2017 Honda Accord

Starting MSRP: $22,355 - $34,830

Estimated MPG: 23 city / 32 hwy

2017 Honda Accord Review

A roomy cabin and a polished driving experience make the 2017 Honda Accord a top choice among family cars, but those attributes only scratch the surface. The Accord’s cutting-edge infotainment features should please tech-savvy buyers, while great safety ratings and an affordably priced driver assistance package provide peace of mind.

By Jim Sharifi
Last Updated 04/03/2017

The Accord is a midsize car that’s offered in coupe and sedan body styles. The Honda Accord Hybrid is also offered, and it's covered in a separate review. A four-cylinder engine and a six-speed manual transmission are standard on the Accord, while a continuously variable transmission (CVT) is available. A V6 engine is optional and is paired exclusively with a six-speed automatic in the Accord sedan. The Accord coupe offers this power plant with the automatic or a six-speed manual transmission.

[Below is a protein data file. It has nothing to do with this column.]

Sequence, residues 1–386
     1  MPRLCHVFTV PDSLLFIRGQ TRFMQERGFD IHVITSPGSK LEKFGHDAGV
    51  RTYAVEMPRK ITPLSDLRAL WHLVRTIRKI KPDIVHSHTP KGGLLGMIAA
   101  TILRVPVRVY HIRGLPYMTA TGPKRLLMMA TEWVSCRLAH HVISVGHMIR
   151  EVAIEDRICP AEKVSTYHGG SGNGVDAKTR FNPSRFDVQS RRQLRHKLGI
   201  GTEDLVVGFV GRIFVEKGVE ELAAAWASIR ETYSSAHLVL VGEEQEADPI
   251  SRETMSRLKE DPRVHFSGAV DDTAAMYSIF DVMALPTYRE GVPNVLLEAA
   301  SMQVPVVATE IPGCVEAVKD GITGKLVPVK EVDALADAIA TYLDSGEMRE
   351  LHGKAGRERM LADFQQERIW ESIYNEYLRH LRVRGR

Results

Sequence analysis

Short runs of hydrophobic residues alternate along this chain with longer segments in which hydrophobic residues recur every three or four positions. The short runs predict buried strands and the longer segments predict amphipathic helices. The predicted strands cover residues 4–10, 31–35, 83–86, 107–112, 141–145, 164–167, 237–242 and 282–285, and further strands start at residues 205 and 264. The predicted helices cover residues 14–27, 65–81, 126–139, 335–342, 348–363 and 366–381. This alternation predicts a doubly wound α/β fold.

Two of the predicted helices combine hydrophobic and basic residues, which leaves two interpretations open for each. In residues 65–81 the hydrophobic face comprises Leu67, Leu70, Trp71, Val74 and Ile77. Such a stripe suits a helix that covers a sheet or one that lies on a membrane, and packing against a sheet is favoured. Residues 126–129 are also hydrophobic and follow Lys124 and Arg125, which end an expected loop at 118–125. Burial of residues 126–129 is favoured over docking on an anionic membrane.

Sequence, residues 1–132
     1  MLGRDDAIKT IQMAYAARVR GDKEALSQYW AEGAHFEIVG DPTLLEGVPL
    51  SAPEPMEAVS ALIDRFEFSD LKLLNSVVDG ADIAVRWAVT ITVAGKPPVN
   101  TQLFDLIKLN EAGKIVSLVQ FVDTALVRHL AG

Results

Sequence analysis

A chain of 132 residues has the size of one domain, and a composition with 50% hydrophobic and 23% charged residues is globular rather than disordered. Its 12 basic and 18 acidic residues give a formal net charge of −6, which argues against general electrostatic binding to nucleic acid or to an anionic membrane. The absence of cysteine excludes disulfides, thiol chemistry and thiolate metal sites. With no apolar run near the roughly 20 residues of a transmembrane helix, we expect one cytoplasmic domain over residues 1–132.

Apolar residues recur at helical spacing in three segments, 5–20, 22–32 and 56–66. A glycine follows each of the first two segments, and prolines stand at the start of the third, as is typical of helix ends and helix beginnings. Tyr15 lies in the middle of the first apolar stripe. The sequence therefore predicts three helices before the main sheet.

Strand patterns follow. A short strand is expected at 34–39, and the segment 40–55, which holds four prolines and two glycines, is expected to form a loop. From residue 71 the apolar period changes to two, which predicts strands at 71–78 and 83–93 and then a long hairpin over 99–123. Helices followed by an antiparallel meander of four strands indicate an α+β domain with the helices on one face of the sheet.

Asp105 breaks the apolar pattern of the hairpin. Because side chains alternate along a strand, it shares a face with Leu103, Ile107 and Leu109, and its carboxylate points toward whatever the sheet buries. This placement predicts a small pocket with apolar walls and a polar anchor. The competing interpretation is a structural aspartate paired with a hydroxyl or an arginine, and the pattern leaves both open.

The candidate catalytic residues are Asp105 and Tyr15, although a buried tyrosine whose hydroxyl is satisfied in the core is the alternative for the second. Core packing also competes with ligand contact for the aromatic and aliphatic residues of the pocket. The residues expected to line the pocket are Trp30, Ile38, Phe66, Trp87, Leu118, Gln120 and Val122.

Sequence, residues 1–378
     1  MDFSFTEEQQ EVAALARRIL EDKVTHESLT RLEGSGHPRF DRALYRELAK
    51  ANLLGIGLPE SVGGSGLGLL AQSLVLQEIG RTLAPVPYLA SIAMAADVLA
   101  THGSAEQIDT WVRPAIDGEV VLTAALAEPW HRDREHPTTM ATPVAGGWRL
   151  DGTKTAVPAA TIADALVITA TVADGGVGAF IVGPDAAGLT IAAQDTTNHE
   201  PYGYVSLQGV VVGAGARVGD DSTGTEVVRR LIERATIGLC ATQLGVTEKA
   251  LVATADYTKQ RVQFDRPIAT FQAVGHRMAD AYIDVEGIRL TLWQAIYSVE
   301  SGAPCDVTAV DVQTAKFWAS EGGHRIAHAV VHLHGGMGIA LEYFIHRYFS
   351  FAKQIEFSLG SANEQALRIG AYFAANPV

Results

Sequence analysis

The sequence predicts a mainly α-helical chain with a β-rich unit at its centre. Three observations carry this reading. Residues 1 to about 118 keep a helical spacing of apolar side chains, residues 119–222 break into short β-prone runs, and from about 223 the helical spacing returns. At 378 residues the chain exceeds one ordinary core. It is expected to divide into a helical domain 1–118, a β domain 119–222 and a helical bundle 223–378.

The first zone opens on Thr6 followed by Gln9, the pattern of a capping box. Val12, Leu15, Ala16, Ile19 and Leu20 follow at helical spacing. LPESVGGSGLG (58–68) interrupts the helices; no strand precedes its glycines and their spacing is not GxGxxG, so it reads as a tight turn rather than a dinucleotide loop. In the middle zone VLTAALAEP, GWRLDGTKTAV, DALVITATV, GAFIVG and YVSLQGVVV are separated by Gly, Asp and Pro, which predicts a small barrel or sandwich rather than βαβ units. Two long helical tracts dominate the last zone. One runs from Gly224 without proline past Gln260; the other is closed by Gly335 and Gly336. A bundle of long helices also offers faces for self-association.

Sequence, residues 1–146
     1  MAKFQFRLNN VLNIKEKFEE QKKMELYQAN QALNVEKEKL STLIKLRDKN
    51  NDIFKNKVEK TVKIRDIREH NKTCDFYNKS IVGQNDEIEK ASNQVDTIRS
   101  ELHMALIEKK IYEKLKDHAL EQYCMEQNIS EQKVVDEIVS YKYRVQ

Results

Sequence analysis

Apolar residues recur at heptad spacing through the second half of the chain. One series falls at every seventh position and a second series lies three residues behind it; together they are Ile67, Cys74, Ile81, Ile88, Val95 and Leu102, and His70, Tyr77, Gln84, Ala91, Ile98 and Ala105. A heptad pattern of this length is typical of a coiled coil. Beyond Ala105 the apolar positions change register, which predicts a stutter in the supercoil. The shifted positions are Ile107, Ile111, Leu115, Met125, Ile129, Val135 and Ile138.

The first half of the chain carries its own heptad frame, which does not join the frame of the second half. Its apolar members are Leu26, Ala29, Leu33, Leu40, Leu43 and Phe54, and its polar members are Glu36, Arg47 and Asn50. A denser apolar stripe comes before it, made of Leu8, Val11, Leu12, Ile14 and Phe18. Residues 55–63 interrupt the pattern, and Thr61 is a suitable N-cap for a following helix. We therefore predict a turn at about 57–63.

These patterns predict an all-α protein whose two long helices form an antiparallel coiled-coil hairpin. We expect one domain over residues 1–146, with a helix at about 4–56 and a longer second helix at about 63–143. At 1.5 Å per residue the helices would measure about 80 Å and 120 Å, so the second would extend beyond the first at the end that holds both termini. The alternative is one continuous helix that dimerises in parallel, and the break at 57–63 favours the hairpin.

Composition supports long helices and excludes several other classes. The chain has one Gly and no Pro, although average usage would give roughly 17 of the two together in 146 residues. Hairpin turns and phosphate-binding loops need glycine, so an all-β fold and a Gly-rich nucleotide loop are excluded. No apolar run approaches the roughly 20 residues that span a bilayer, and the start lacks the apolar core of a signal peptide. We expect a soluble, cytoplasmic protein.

For 2017, the Accord sedan is offered in LX, Sport, Sport SE, EX, EX-L and Touring trims, while the Accord coupe is available in LX-S, EX, EX-L and Touring editions. The Sport SE trim is new for 2017. It builds on the Accord Sport’s list of standard equipment with features that include leather upholstery with contrast stitching and heated front seats.

Exterior

Exterior
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Among midsize cars, the Accord stands out as one of the few models that’s offered in coupe and sedan body styles. Both models have a similar appearance when viewed head-on, where slim headlights flank a narrow upper grille. The biggest difference is in their profiles, where the coupe’s gradually sloping roofline gives it an almost hatchback-like stance. Coupe and sedan base models come standard with automatic projector-beam headlights, while LED headlights and fog lights are found on higher trims.